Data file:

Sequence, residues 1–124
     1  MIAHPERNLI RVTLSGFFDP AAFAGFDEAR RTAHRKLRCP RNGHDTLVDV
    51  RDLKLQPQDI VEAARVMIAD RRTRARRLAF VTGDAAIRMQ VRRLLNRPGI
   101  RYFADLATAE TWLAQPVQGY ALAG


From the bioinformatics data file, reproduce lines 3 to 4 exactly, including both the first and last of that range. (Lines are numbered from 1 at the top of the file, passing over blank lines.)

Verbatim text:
    51  RDLKLQPQDI VEAARVMIAD RRTRARRLAF VTGDAAIRMQ VRRLLNRPGI
   101  RYFADLATAE TWLAQPVQGY ALAG